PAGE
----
Fifth class includes indoles such as GR 113808 with high affinity for 5-HTR4, and low affinity for 5-HTR3 (Gale et al., 1994). Further, [3H] GR 113808 is the first commercially available radioligand for 5-HTR4 affinity studies (Grossman et al., 1993). SB 203186 is an indole ester with potent and selective 5-HTR4 antagonistic properties in various physiological assays, but the short half-life limits it's in vivo application (Parker et al., 1993). In contrast, SB 207266 is a highly potent and selective antagonist with a long duration of action after oral administration (Gaster et al., 1995). SB 207266 is a very useful vehicle in CNS studies (Wardle et al., 1996; Gaster and King 1997).
Three selective and high-affinity 5-HTR4 antagonists (GR 125487, SB 207266, and ML 10375) have been reported to exhibit reverse agonistic activity (Claeysen et al., 2000; Blondel et al., 1998). Roche Bioscience generated three potent 5-HTR4 reverse agonists, RO 116-2617, RO 116-0086, and RO 116-1148 (Joubert et al., 2002). 5-HTR4 ligands that may be of interest in CNS studies are listed in Table 2.
Table 2. 5-HTR4 ligands used in CNS studies (Adopted from Bockaert et al., 2004).
AgonistsAntagonistsReverse Antagonists
5-HTGR 113308RO 116-2617
5-MeOTGF 125487RO 116-0086
HTF919SB 203186RO 116-1148
CisaprideLY 353433 
SC 53 116SB 207 266 
SB 205 149SB 204070 
PrucaloprideRS 23597 
MosaprideML 10375 
Y-34959ATBI 221 
ML10302RS 39606 
LS-65 0155RS 67532 
RS 67333RS 100235 
RS 67506RS 100302 
BUMI 1  
BUMI 8  
Homology Table 3. Pairwise alignment of 5-HTR4 gene protein sequences (in distance from human) (HomoloGene, NCBI).
Pairwise Aligment Scores
GeneIdentity (%)
SpeciesSymbolProteinDNA
H.sapiensHTR4  
vs. P.trogladytesHTR499,899,6
vs. M.mulattaHTR498,698,1
vs. C.lupusHTR496,693,6
vs. B.taurusHTR494,893,7
vs. M.musculusHtr493,390,9
vs. R. norvegicusHtr492,790,6
vs. G. gallusHTR488,582,6
vs. X. tropicalisLOC10049395283,474,5
vs. D. rerioLOC55684375,371,9
vs. D. melanogasterOa247,554,3

Mutations

Somatic A list of 5-HTR4 mutations in cancer can be found in COSMIC, the Catalogue Of Somatic Mutations In Cancer, https://cancer.sanger.ac.uk/cosmic/gene/analysis?ln=HTR4. According to the Human Protein Atlas, HTR4 has been found strongly expressed in prostate and endometrial cancers.

Implicated in

Note Animal Experiments 5-HTR4 was initially identified in cultured mouse colliculus cells and guinea pig brain using a functional cAMP stimulation assay (Dumuis et al., 1988). One of the oldest functions attributed to 5-HTR4 in rodents is related to its role in increasing the release of acetylcholine in the frontal cortex (Siniscalchi et al., 1999) and a stimulating effect on the hippocampus to enhance memory and cognition (Bijak et al., 1997; Mohler et al., 2007). The absence of this receptor has been found to impair stress-induced hypophagia and novelty-induced discovery efficiency in mice (Compan et al., 2004a). The 5-HTR4 expression is also associated with the development of certain behavioral characteristics of depression, like deletion or pharmacological blockade of 5-HTR4s results in increased depressive and anxiety-like behaviors in rodents (Carr and Lucki, 2011; Compan et al., 2004a; Conductier et al., 2006). Serotonin affects cardiac contraction by interacting with 5-HTR4 expressed in the human and porcine atrium and ventricle, interestingly, expressed only in the atrium in the rat. 5-HTR4 activation causes cardiac spasm as well as tachycardia and arrhythmia (Qvigstad et al., 2005). This cardiac effect of 5-HTR4 is limited to human and porcine atria and are not declared in other laboratory animals such as rats, guinea pigs, rabbits, and frogs. Moreover, 5-HTR4 activation triggers the release of acetylcholine in the ileum of guinea pig and causes esophageal and colonic strictures (Hoyer et al., 2002).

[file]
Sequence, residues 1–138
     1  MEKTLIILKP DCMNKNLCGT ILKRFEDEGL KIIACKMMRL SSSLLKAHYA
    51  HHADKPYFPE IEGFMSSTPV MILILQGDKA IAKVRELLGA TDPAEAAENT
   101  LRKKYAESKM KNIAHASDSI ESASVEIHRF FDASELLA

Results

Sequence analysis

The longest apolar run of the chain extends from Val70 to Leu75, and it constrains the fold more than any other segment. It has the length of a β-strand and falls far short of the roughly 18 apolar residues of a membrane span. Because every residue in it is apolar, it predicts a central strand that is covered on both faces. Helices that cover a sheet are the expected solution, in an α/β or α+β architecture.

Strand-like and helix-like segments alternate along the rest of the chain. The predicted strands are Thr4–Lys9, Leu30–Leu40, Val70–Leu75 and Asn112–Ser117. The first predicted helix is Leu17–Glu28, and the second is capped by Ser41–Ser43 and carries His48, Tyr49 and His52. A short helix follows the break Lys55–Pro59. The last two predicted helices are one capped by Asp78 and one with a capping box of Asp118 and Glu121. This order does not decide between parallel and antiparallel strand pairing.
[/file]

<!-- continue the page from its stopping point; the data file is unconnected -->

Entity Inflammatory bowel disease (IBD)
Note 5-HTR4s which are widely expressed in the human intestine can also be expressed in inhibitory nitrergic neurons to induce smooth muscle relaxation and cholinergic neurons to control muscle contraction (Bockaert et al., 2011; Hoffman et al., 2012). In addition to their neuronal localization, they are found in enterocytes and enteroendocrine cells of the intestinal mucosa that regulate fluid, mucus and 5-HT secretion (Hoffman et al., 2012; Tonini, 2005). Accordingly, 5-HTR4s are attractive targets for the treatment of IBD. The receptor agonists increase motility and accelerate transit from the gut, thereby help in the alleviation of IBD and functional constipation (Halland and Talley, 2013). More selective 5-HTR4 agonists, including Naronapride (ATI-7505), Prucaloprid and Velusetrag (TD-5108), effectively target this receptor to support the intestinal motility. However, the full mechanism of action of these compounds is not clearly resolved. One possibility is that 5-HTR4 agonists increase mobility by stimulating receptors on the enteric nerve terminals and increasing neurotransmitter release (Hoffman et al., 2012). A single nucleotide polymorphism (SNP) (rs201253747) c.* 61T>C in HTR4 were identified in diarrhea-IBD patients (Wohlfarth et al., 2017). miRNAs can adjust HTR4 expression, and this regulation can be influenced either by the SNP c.*61 T>C or by lessened amounts of miR-16 and miR-103 proposing the role HTR4 in the pathogenesis of IBD (Wohlfarth et al., 2017). Colonic biopsy specimens from patients with Crohn's disease also showed greatly increased mucosal 5-HTR4 expression (Shajib et al., 2018).
  
  
Entity Cardiac Disorders